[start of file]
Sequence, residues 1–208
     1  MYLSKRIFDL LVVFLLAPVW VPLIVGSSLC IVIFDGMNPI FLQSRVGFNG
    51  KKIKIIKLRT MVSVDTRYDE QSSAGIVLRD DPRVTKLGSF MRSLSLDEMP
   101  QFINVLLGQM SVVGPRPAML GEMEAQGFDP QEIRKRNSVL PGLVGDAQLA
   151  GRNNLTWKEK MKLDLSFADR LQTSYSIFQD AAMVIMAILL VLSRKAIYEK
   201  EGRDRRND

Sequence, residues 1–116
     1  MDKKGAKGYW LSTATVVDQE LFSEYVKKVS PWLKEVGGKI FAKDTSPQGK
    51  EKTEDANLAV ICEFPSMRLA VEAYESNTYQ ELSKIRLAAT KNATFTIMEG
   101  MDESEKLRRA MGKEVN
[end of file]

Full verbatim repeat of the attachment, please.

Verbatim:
Sequence, residues 1–208
     1  MYLSKRIFDL LVVFLLAPVW VPLIVGSSLC IVIFDGMNPI FLQSRVGFNG
    51  KKIKIIKLRT MVSVDTRYDE QSSAGIVLRD DPRVTKLGSF MRSLSLDEMP
   101  QFINVLLGQM SVVGPRPAML GEMEAQGFDP QEIRKRNSVL PGLVGDAQLA
   151  GRNNLTWKEK MKLDLSFADR LQTSYSIFQD AAMVIMAILL VLSRKAIYEK
   201  EGRDRRND

Sequence, residues 1–116
     1  MDKKGAKGYW LSTATVVDQE LFSEYVKKVS PWLKEVGGKI FAKDTSPQGK
    51  EKTEDANLAV ICEFPSMRLA VEAYESNTYQ ELSKIRLAAT KNATFTIMEG
   101  MDESEKLRRA MGKEVN